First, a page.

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AMD has used its cutting-edge Zen CPU microarchitecture to build a number of desktop Ryzen chips. Available in configurations of up to 16 cores and a massive 32 threads, Ryzen (and premium Threadripper) have given Intel much to think about in the high-end desktop space.
However, Zen is primarily designed to become the beating heart of AMD's all-new server and workstation processors. Released in June 2017, the fruit of AMD's labour has resulted in the introduction of Epyc CPUs. Appreciating that Intel holds a near monopoly in server-class CPUs and chipsets, AMD has much to gain and little to lose.
The Epyc 7000-series family offers considerable processing power for each CPU, and up to two can be used on a single motherboard. Running from eight cores and 16-thread capability at the low end and rising to a massive 32 cores and 64 threads for the Epyc 7601, AMD takes square aim at Intel's latest Xeon processors, which have held a monopoly in the workstation and server market for almost 10 years.
Yet Epyc's impressive compute power would be rendered almost worthless if AMD did not build a true supporting system-on-chip (SoC) around it. What this means is that each and every Epyc chip also integrates all of the I/O functionality and memory controllers that combine to give Epyc processors a balanced design. We'll explain the technology behind each facet of Epyc's design in this TekSpek.
During the design phase for the Zen architecture AMD realised that building massive-core server processors from a single, monolithic die - as Intel has been doing so for some time - was likely to become a huge engineering headache and, worse still, stall time to market. AMD needed to find a different way and did so by building Epyc CPUs using what is known as a multi-die approach. This means that each of Epyc's four dies, composed of eight cores a-piece, are connected to each other via a very fast, low-latency, proprietary interconnect known as Infinity Fabric.
The premise is to enable all 32 cores to function as seamlessly as possible, with Infinity Fabric providing the inter-die glue holding them all together. Another Infinity Fabric link then connects one Epyc chip to another in a 2P server system, enabling a single motherboard to house 64 cores and 128 threads, easily besting what Intel has to offer in a standard-sized chassis.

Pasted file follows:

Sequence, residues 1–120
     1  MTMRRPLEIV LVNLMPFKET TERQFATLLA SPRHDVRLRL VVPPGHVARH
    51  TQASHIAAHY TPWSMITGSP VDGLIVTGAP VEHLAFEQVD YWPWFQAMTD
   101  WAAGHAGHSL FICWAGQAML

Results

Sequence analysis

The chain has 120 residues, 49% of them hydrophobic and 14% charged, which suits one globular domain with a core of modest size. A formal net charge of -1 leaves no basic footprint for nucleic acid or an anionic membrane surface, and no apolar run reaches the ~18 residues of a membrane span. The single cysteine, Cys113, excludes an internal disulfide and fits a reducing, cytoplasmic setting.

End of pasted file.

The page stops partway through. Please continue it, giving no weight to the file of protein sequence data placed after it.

Yet, going from the above, AMD know that having superlative compute performance is not enough for the modern workloads run on servers. Going hand in hand with all this processing ability is an abundance of memory bandwidth - a key driver of performance in many server and workstation applications - made possible by AMD using eight-channel DDR4 memory per CPU.
Officially rated at speeds of DDR4-2,666 the eight-channel memory offers a staggering 170GB/s of aggregate bandwidth. Ensuring that Epyc systems can deal with the workloads of today and tomorrow, AMD says that each of the eight channels can service two DIMMs, so 16 in all, or a potential 2TB per single-CPU system. This feature is important when dealing with businesses that require huge in-memory database calculations that are prevalent in many industries today.
Point is, Epyc offers potential customers an incredible amount of compute power - up to 32 cores and 64 threads per CPU - heaps of memory bandwidth to ensure that the cores can perform efficiently when they are all running flat out, and also an industry-leading amount of I/O, necessary for enabling customers to build severs that address their particular business need.
AMD is so bullish about Epyc's performance potential that it cites performance improvements at every price point when compared to Intel's early 2016 Xeon line-up. Being even-handed, Intel has also updated its Xeon range with more powerful processors shortly after Epyc's launch, but the fact remains that AMD offers server providers with more bang for their buck in both single- and dual-socket environments.
The arrival of Epyc is a watershed moment in server processing. Having ceded almost all market share to Intel since the Opteron heyday passed over 10 years ago, AMD's Zen architecture, powering this new range of Epyc processors, provides a compelling alternative to Intel Xeon.
The server market just become interesting all over again.